The April Financial Sustainability Report, sponsored by Kaufman Hall, offers results of a health system’s assessment of its costs to deliver telemedicine services. Other content includes a case study of how a large medical group revamped its approach to compensating its employed physicians, and guidance on how to stem the losses many hospitals incur around referrals for ambulatory services.
The economics of a telehealth visit: A time-based study at Penn Medicine
By Neil Ravitz, MBA; Sean Looby, MHA; Calvin Jordan, MBA; and Andrew Kanoff, MHA
Research into the costs of delivering telehealth versus in-person visits by the Department of Orthopaedics at Penn Medicine sought to answer the health systems’ questions about the long-term economic viability of telemedicine services, and to help inform their conversations with payers about how much they should appropriately be paid for the services.
From chaos to unity: 6 steps for building a compensation plan for employed physicians
By Robin Nichols, CPA, MHA
When acquiring physician practices, health systems often develop employment arrangements on a case-by-case basis, leading to challenges due to the inconsistencies of multiple arrangements. A large physician practice’s effort to standardize its approach to compensating its employed physicians offer a case example of how to effectively address this problem.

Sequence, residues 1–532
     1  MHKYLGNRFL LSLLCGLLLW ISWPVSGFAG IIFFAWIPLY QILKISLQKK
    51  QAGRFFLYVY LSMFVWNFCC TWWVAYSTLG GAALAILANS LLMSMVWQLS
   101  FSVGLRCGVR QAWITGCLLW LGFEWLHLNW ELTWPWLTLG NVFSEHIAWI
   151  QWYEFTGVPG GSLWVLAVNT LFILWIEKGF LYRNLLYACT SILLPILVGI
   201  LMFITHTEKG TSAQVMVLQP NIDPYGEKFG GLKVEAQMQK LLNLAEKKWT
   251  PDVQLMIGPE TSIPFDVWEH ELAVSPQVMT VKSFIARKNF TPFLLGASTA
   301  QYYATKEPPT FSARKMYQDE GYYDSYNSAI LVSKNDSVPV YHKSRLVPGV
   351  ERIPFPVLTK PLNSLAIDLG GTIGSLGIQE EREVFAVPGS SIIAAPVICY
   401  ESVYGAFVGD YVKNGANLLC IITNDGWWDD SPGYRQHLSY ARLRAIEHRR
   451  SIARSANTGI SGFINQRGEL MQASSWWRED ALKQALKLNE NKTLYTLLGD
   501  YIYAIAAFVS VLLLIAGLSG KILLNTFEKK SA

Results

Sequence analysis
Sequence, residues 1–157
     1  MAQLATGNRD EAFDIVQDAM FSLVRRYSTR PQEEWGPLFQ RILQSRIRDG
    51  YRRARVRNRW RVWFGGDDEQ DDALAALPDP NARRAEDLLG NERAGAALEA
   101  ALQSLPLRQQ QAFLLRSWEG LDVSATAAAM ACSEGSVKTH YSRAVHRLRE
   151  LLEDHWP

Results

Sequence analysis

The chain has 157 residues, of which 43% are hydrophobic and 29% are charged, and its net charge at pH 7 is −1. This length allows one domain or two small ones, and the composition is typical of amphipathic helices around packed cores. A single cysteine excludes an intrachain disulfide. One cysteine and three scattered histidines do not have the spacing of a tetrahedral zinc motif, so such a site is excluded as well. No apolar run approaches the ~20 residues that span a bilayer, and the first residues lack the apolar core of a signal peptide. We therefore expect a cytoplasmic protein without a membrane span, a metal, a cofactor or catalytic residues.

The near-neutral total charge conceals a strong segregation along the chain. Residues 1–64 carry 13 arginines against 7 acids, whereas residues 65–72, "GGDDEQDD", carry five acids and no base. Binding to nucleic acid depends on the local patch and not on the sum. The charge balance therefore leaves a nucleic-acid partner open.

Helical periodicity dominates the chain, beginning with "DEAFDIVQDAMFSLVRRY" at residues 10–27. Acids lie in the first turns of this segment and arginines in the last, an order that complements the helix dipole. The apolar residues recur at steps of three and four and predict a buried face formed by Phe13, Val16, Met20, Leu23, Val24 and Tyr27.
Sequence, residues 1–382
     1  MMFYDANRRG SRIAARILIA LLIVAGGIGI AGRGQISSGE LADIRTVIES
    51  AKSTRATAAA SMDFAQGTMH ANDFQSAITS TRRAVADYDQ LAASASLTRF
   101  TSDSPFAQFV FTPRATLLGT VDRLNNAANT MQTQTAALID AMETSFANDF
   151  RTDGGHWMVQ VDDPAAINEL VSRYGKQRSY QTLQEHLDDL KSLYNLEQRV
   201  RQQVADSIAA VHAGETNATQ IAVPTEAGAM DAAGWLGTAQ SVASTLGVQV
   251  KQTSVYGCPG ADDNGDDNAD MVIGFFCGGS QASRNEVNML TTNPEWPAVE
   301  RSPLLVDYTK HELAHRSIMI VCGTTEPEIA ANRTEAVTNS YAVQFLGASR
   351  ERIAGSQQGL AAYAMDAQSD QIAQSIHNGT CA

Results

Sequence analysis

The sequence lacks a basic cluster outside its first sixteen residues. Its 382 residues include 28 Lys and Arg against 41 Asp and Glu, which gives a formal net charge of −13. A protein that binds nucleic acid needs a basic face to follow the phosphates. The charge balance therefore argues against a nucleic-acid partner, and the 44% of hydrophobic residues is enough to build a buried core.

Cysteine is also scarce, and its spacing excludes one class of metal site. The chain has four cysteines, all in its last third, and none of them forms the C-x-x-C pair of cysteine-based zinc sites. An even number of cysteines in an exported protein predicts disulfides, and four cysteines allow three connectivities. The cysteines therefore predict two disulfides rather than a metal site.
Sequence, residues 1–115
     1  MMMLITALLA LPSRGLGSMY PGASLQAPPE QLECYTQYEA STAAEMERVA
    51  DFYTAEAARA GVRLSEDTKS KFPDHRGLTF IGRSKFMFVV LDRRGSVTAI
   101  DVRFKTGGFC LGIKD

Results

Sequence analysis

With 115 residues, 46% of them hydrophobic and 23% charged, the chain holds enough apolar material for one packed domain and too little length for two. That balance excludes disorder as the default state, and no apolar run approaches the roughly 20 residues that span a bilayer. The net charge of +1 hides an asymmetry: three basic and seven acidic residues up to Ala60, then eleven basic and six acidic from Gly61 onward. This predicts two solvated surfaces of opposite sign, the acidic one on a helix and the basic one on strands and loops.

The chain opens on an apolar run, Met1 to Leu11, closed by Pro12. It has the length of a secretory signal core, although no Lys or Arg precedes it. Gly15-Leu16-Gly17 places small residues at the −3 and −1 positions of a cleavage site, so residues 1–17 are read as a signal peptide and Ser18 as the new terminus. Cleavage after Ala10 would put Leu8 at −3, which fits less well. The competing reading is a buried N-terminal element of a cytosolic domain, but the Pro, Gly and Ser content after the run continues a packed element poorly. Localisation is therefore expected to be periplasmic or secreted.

Physician practice performance suffered during the 2020 pandemic year
Sponsored by Kaufman Hall
By Cynthia Arnold and Matthew Bates
Recent research shows that volatility driven by COVID-19 rocked physician practices throughout 2020, but there were signs of recovery toward the end of the year.
How healthcare organizations can leverage CDI to meet strategic goals amid times of financial uncertainty
James P. Fee, MD
Six trends related to the COVID-19 pandemic have created a need for healthcare organizations to adopt a new, strategic and data-driven approach to managing their clinical documentation integrity (CDI) programs.
Physician-friendly web technology can help hospitals grow revenue from ambulatory referrals
By Denny Phillips
All too often, ambulatory orders from referring physicians do not result in delivered services and associated revenue for hospitals because of ineffective ordering processes. Hospitals can gain a competitive advantage ad avoid lost revenue by taking steps to simplify this process for both the referring physician and the patient.